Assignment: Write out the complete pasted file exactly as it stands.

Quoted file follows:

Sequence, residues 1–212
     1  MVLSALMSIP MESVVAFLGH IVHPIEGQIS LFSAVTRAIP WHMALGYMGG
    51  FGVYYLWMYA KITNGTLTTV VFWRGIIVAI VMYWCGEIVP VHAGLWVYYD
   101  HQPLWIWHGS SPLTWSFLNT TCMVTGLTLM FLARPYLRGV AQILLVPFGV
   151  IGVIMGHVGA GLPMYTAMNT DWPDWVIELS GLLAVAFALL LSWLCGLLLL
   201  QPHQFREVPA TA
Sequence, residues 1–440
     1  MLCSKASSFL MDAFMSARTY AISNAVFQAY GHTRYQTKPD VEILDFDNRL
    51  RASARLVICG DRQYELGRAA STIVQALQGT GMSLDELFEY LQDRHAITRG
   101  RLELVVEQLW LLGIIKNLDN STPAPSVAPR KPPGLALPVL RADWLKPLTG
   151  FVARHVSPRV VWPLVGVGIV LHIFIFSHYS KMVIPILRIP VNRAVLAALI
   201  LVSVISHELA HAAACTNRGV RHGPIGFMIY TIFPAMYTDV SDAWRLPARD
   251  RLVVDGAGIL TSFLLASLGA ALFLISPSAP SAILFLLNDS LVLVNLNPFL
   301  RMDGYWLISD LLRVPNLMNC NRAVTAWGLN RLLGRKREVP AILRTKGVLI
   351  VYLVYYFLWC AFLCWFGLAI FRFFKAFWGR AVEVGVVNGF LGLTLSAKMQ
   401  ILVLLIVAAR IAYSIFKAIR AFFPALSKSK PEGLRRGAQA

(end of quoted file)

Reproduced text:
Sequence, residues 1–212
     1  MVLSALMSIP MESVVAFLGH IVHPIEGQIS LFSAVTRAIP WHMALGYMGG
    51  FGVYYLWMYA KITNGTLTTV VFWRGIIVAI VMYWCGEIVP VHAGLWVYYD
   101  HQPLWIWHGS SPLTWSFLNT TCMVTGLTLM FLARPYLRGV AQILLVPFGV
   151  IGVIMGHVGA GLPMYTAMNT DWPDWVIELS GLLAVAFALL LSWLCGLLLL
   201  QPHQFREVPA TA
Sequence, residues 1–440
     1  MLCSKASSFL MDAFMSARTY AISNAVFQAY GHTRYQTKPD VEILDFDNRL
    51  RASARLVICG DRQYELGRAA STIVQALQGT GMSLDELFEY LQDRHAITRG
   101  RLELVVEQLW LLGIIKNLDN STPAPSVAPR KPPGLALPVL RADWLKPLTG
   151  FVARHVSPRV VWPLVGVGIV LHIFIFSHYS KMVIPILRIP VNRAVLAALI
   201  LVSVISHELA HAAACTNRGV RHGPIGFMIY TIFPAMYTDV SDAWRLPARD
   251  RLVVDGAGIL TSFLLASLGA ALFLISPSAP SAILFLLNDS LVLVNLNPFL
   301  RMDGYWLISD LLRVPNLMNC NRAVTAWGLN RLLGRKREVP AILRTKGVLI
   351  VYLVYYFLWC AFLCWFGLAI FRFFKAFWGR AVEVGVVNGF LGLTLSAKMQ
   401  ILVLLIVAAR IAYSIFKAIR AFFPALSKSK PEGLRRGAQA